Governments of the MENA region have tightened their purse strings and are seeking outside investment. Howard Gooder looks at the opportunities available in public private partnerships
Project Finance and public private partnerships (PPPs) are flourishing throughout the Middle East and North Africa (MENA) region, from Morocco to Oman. Indeed, contrary to the many fears expressed following the Lehman collapse and during the first six months of 2009, the project finance market has not dried up.
This is just as well, since the region’s governments now have tighter budget constraints and an even greater need for PPP. However, the international financial crisis and the resultant credit crunch have influenced both the pace of development and the structure of acceptable financing solutions.
The first MENA project financing of 2009 did not close until the end of June, when GDF Suez and Gulf Investment Corperation signed the $1.6 billion financing of the Al Dur IWPP (Independent Water and Power Project) in Bahrain. This success, in which the Arab Bank group was a mandated lead arranger, set several trends that have been followed in subsequent projects. Al Dur is a water desalination and power-generation project being built under a 25-year build-own-operate (BOO) concession from the government of Bahrain. Most of the PPP projects in the MENA region have been, and continue to be, in the power-generation and desalination sector.
PPP infrastructure projects are long-term revenue-generating assets. To avoid having to charge excessive tariffs in their early years, these projects require finance that amortises over the long asset life. However, as the bank market now has reduced liquidity and is experiencing regulatory pressure to avoid long-term commitments without matched funding, the durations of PPP bank loans have been forced to shorten.
Al Dur finances a 25-year concession with a loan-duration of only eight years. This is known as a ‘hard mini-perm’ structure. Even with the introduction of a ‘cash sweep’ dedicating all available cash flow to debt service, there will be a need to refinance 80 per cent of the debt at loan maturity. A hard mini-perm was also used in Abu Dhabi’s $1.2 billion Zayed University financing, which closed in December 2009. This was ten-year debt, of which only 30-35 per cent will have been amortised by maturity, leaving the rest to be refinanced.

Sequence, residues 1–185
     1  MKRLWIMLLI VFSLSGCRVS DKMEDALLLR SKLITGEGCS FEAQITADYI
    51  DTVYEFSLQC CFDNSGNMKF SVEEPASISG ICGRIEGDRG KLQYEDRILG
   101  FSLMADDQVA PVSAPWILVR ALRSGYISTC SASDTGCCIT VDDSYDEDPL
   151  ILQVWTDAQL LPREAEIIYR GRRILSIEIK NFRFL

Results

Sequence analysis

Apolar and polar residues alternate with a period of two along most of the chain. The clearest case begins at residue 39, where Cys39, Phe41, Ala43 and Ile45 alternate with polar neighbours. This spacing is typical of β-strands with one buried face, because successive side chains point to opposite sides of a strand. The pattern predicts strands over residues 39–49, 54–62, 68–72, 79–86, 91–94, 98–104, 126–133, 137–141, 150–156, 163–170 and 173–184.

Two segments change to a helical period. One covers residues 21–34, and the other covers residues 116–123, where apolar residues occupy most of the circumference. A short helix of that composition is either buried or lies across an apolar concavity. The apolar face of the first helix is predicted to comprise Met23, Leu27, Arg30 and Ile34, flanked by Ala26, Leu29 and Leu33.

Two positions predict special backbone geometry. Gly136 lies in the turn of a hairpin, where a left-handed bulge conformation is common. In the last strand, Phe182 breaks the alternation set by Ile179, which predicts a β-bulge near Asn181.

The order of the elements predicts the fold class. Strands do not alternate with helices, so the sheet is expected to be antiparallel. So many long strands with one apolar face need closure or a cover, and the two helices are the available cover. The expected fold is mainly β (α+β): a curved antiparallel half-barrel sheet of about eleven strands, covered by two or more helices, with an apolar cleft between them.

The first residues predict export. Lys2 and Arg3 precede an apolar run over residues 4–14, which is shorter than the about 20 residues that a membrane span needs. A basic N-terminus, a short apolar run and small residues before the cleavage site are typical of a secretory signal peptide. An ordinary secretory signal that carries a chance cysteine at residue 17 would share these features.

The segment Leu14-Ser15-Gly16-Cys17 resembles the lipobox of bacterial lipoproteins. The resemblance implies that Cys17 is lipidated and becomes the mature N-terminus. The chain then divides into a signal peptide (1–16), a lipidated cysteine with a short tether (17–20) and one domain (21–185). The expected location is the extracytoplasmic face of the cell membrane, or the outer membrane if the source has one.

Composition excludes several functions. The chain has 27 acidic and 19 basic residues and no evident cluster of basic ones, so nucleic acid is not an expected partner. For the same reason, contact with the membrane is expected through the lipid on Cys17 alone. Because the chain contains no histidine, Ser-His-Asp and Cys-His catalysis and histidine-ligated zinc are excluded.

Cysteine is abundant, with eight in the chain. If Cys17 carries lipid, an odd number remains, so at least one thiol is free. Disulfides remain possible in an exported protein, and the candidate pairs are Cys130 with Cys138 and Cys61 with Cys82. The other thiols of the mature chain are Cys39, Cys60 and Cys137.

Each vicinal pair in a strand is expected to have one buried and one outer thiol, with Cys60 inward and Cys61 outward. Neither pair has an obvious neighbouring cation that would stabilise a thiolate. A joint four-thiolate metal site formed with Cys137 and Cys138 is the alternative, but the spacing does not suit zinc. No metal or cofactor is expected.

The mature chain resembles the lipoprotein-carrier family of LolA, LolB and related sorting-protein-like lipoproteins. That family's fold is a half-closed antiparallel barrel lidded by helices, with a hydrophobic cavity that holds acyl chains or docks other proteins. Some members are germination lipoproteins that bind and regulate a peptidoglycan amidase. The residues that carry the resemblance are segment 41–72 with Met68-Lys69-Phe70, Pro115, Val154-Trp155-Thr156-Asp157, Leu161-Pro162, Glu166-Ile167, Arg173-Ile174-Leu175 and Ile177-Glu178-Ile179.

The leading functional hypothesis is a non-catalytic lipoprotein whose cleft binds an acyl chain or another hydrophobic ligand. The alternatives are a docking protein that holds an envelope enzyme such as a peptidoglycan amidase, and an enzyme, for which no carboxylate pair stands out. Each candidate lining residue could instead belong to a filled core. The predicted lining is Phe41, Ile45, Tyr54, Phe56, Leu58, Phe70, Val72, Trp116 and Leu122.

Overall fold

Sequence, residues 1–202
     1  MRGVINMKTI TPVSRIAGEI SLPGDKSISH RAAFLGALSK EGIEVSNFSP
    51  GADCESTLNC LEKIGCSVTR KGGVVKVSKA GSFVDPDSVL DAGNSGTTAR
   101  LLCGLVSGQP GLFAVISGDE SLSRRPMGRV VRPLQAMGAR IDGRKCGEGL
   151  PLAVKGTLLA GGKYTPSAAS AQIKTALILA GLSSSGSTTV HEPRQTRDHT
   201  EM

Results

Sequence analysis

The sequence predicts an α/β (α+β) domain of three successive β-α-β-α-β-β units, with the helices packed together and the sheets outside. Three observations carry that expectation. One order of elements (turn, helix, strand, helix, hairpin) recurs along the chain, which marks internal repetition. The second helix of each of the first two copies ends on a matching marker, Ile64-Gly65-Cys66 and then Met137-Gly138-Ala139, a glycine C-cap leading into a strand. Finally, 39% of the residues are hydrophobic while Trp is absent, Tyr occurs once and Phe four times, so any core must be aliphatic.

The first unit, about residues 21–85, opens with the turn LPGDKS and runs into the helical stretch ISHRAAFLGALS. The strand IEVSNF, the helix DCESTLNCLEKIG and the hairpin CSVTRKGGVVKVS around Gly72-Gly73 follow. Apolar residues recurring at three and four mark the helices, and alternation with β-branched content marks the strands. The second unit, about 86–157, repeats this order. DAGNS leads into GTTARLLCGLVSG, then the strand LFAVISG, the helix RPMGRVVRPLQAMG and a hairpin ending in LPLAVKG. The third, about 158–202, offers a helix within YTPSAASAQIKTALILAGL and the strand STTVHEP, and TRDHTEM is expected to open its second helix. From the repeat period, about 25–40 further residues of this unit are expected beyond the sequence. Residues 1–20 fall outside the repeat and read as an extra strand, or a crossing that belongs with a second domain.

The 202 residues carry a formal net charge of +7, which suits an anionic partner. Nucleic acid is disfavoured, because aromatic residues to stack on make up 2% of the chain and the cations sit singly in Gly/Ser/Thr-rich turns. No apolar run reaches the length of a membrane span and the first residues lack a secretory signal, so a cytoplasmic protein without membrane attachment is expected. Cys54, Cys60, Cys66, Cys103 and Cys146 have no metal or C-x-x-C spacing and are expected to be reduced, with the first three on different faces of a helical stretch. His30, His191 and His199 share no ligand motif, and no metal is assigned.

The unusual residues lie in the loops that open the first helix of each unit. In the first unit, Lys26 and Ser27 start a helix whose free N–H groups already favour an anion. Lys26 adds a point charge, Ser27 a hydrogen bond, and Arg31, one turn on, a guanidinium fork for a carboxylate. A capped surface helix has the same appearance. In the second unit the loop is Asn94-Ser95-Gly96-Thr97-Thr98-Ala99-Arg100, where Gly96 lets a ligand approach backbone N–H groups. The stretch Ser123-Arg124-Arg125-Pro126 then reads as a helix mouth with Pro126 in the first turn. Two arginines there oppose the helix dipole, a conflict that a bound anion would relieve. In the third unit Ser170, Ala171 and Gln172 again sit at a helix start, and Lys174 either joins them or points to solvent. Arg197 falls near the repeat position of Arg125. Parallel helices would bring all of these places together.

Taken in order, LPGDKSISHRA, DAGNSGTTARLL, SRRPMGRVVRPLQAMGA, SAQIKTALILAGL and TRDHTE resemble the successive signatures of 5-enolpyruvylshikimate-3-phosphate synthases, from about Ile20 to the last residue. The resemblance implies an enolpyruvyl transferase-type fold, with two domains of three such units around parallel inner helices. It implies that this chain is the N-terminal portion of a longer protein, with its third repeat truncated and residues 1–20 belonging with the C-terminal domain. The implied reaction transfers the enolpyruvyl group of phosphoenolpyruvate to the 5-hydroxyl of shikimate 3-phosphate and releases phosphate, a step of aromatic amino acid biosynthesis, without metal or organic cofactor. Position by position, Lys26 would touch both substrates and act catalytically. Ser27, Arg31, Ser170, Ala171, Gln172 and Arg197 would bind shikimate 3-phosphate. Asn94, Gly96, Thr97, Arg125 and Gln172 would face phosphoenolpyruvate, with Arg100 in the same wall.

Some PPP structures use a ‘soft mini-perm’ variation, in which there may be a long-term legal debt maturity, but the loan terms or tariff structure strongly encourages early refinancing. Indeed, significantly higher debt margins have been yet another consequence of the financial crisis. Abu Dhabi’s Shuweihat 2 IWPP, which closed in October 2009, has a $2.2 billion, 22-year debt, but at post-crisis debt margins with a pre-crisis tariff. This encourages the owners, if they are to gain their target return-on-investment, to refinance when lower margins once more become available.
The terms of Oman’s 15-year, $650 million financing for the Salalah IWPP, which closed in December 2009, also encourage early refinancing. It is reported that, in return for absorbing some of the extra crisis-related financing costs into the tariff, the government will receive 80 per cent of any refinancing gain.
Export Credit Agencies (ECAs) are increasingly filling the gap in billion dollar projects at a time when the crisis has caused a number of international project finance banks to withdraw from the market and when local banks have difficulty funding in US dollars. Another feature of Al Dur was that a third of the financing involved ECAs from Korea (the engineering, procurement and construction contractor is Korean) and the US (it uses GE turbines), providing insurance for the banks’ risk and direct financing, respectively.
Saudi Arabia’s $1.9 billion, 20-year Rabigh IPP financing in July 2009 had 25 per cent of its debt benefiting from Korean ECA cover. Furthermore, almost two-thirds of Jordan’s second IPP financing, the $340 million, 18-year debt for Al Qatrana, which closed in November 2009, also involved the Korean ECA. These examples also illustrate the rise of competitive Far Eastern EPC contractors in the Middle East.
The financing gap is filled not only by ECAs. Half ($1.1 billion) of the Shuweihat 2 IWPP was funded by the Japanese government’s Overseas Investment Loans, once a Japanese company had joined the investing consortium. Local bank participation is also encouraged by increasing use of local currency finance.
Islamic finance has also come to be considered an obvious source of additional financing for PPPs in the MENA region. Al Dur had a $288 million Islamic financing tranche. Saudi banks provided a $1.45 billion Islamic tranche (75 per cent of the debt) for the Rabigh IPP. Al Qatrana sourced $75 million from the Islamic Development Bank and the Zayed University had a $70 million Islamic tranche.
Following these trends, we should see more sectors financing PPP projects this year. Abu Dhabi will close the region’s first motorway project under a 25-year government concession, and Bahrain will finalise its Muharraq, 27-year BOO sewage treatment concession. Egypt will finance the New Cairo wastewater concession, with desalination, toll road and hospital projects similar to the UK’s Private Finance Initiative programme in the pipeline. Jordan’s Aqaba Gateway concession represents the port sector, while new entrants taking the typical PPP first steps in the power sector may be Syria and Yemen.
Global Arab NetworkHoward Gooder, head of Project Finance, Europe Arab Bank plc (part of the Arab Bank group). This article is published in partnership with the Middle East Association,
and was published by News desk Media in the Middle East Business Focus 2010 on behalf of the Middle East Association